By: Leah Dermo
With the digital age evolving, the trend of cold calling and meeting your potential employer face-to-face has moved towards emailing, online career portals and resume websites. More people are applying for the same positions and employers are sifting through hundreds and sometimes thousands of applications. The fight to even gain the opportunity to shake hands with professionals in the industry have become close to impossible, especially with aspiring individuals fresh out of school. The question remains, how can you be sure to secure an interview? We’ve compiled our top resume tips.
Less is more. Allowing white space in your resume is less overwhelming and far easier to read. It allows the reader’s eye to be guided throughout the page, which increases the chances of a potential employer to read through the entire page rather than just skimming a few lines.
Keep it relevant
Although you are proud of all of the work you have done nobody wants to flip through multiple pages. While it’s definitely important to include relevant volunteer experience, keep in mind this should not exceed the length of your work experience.
As a PR communications professional, getting your point across as clearly and concisely, is the goal. Use short sentences, bullet points and do your best to condense your resume to one page to ensure you keep the attention of your potential employer.
Most employers will Google search any promising applicants, which is why more people are including their social media handles to make the search a little bit easier. If you chose to include your social media links, be sure your accounts are not private, otherwise, this step is irrelevant.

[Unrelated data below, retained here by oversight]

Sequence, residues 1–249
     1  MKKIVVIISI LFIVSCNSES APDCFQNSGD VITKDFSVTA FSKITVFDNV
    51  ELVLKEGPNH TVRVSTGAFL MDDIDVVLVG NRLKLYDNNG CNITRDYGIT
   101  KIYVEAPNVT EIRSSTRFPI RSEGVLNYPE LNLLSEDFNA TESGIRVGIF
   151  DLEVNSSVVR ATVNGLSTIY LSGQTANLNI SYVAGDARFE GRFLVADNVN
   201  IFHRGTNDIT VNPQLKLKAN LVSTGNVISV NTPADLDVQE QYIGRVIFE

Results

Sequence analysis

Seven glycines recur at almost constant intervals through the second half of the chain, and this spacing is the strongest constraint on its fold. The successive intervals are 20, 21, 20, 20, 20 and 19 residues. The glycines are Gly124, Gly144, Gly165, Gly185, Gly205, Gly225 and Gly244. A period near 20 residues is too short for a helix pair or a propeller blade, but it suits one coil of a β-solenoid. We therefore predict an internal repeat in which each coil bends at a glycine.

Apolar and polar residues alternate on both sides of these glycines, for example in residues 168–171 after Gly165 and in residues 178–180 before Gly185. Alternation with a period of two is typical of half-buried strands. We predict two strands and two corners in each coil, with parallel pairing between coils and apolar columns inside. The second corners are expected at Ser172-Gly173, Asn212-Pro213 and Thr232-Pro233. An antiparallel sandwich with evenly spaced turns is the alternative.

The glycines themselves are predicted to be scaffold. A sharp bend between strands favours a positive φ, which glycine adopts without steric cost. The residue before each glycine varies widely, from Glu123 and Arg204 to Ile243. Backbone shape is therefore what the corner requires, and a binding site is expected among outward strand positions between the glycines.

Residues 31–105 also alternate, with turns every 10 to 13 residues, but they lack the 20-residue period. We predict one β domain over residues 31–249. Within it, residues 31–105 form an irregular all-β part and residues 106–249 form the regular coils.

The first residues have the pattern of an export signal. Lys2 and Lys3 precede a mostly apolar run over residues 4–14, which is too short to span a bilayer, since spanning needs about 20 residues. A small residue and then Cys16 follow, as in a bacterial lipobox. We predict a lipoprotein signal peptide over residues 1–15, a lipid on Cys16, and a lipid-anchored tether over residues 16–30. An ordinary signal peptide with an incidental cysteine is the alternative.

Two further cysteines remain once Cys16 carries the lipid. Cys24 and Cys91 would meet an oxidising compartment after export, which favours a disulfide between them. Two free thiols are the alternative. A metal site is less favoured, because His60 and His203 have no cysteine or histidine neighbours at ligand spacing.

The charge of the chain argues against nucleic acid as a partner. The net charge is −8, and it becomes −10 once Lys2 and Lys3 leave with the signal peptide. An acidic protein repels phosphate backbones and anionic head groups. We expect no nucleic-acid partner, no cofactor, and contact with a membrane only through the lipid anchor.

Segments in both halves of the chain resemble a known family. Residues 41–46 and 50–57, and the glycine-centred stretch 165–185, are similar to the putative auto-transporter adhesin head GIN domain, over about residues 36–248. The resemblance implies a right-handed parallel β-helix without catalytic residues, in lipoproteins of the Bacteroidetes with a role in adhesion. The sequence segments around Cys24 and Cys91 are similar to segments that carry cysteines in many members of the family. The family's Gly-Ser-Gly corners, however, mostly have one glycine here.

Send as a PDF!
This is a simple, yet critical step that is often overlooked. The proper format to send a resume online. A Microsoft Word or Pages document may not open properly on someone else’s computer or it may open with a completely different layout, design or font. To ensure that your potential employer is viewing your resume properly, send it as a PDF no matter what.
Keep in mind whatever you save your document as, this is how it will show up in your email. Employers don’t want to know it’s your fifth draft or that you’re applying to multiple places by calling your resume “ResumeGLO” or “ResumeEatonCentre”. Try to keep it simple and easy for anyone to find, with your name and the position you are applying for (as some organizations may be hiring for multiple positions), like “BillSmithPRInternResume”.
Remember, just like when working in the world of PR, all documents and attachments should be client ready, and your resume and cover letter should be no different.
As any professional applying to a job, you are essentially pitching yourself and why you’re a good fit with a company. Make sure the subject line and email is attention grabbing and showcases who you are through your writing style and your overall understanding of the company. Never underestimate your subject line as this is considered your first impression. Is the company you’re applying to playful and fun or corporate and serious? Your subject line, email, resume and cover letter should all be consistent with not only you but also the company.
While some may feel adding a profile photo to a resume can boost its aesthetic, others will argue otherwise. Ultimately it comes down to your own judgement and what you think is best. If you do chose to include a photo, be sure that it’s professional, in high resolution, and don’t forget to say cheese!
Although you’ve probably heard it countless times, we can’t stress this enough! Ensuring your resume and cover letter are error-free can make the difference between getting the job and missing it by a hair. It’s important to remember that although you’re likely great at proofreading, it can be difficult to edit and catch errors in your own work. Our suggestion is ask a friend, family member or colleague to take the time to carefully go through each line of your resume and cover letter for sentence structure, spelling and grammar mistakes. You’ll be surprised what you can miss after you’ve been looking at the same documents for a while.
What are some of your tips and tricks for guaranteeing an interview? We’d love to hear your thoughts 🙂